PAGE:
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Motivation is a photography blog that discusses the creative aspects of photography. The posts will include thoughts about images and their interpretation, photographers and their work, technique, workflow, my ongoing projects, and perhaps even the occasional off topic rant.

The History Of Nature Photography

I have previously wriiten about Jeff Curto's two superb podcasts, The History Of Photography Podcast and Camera Position. I have been a bit behind in my listening, but in the car today had the chance to listen to the Febrauary 24th episode of Camera Position entitled The Camera In The Cathedral: Camera Position Goes Historical.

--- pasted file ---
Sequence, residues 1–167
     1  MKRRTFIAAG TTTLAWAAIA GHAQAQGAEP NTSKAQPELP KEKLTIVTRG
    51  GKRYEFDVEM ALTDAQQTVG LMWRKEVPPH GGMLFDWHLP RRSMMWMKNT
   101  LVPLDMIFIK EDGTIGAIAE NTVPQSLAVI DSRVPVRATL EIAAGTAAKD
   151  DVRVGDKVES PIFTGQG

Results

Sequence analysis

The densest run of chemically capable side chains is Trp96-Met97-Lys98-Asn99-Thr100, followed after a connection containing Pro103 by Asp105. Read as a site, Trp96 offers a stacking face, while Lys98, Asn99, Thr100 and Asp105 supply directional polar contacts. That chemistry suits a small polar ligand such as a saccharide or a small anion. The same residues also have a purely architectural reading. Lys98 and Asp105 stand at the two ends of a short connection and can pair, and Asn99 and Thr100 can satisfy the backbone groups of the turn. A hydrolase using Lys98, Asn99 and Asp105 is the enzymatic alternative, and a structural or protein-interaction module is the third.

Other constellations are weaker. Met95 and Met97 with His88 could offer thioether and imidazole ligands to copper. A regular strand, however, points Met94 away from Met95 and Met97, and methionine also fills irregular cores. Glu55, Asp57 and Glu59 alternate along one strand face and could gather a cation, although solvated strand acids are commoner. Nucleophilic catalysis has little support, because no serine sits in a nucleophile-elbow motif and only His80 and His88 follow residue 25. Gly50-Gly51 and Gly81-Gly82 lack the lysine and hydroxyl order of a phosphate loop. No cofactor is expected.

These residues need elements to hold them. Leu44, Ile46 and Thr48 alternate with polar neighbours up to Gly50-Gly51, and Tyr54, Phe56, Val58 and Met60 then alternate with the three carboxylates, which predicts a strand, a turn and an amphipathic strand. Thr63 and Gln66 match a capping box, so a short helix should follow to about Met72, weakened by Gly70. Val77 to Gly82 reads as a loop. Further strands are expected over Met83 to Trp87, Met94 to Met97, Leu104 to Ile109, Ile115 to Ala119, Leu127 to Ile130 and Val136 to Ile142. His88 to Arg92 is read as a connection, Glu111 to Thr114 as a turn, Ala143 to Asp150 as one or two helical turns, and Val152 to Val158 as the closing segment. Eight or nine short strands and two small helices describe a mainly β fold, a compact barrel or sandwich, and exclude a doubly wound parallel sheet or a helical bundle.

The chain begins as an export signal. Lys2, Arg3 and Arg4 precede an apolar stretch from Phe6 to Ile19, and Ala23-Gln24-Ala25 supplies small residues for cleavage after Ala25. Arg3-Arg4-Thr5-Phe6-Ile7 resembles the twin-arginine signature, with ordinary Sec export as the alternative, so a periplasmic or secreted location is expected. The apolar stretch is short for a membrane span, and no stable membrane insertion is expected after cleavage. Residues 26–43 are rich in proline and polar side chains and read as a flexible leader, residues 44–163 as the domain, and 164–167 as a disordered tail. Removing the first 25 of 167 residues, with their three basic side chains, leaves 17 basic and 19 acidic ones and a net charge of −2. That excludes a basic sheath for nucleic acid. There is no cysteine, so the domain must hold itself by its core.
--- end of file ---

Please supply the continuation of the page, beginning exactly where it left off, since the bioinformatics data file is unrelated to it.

The reason I thought that this particular episode should be mentioned is that it is specifically about the history of nature photography. It contains a lot of insights that were quite new to me about the interaction between the technological developments in photography and how they influenced the way in which nature was depicted photographically. For example, it never dawned upon me that since the Daguerreotype was essentially a one exposure, one image technique (meaning that one was not able to make more than one image from each exposure; there was no ability to make copies of the images) nature images were not frequently made in the early years of photography. This is because nature photographs would typically need to be mass produced for others to see, while portraiture was generally considered to be an image to be given to a single person.

Whet your interest? This episode is really fascinating and contains many interesting insights. Check it out here.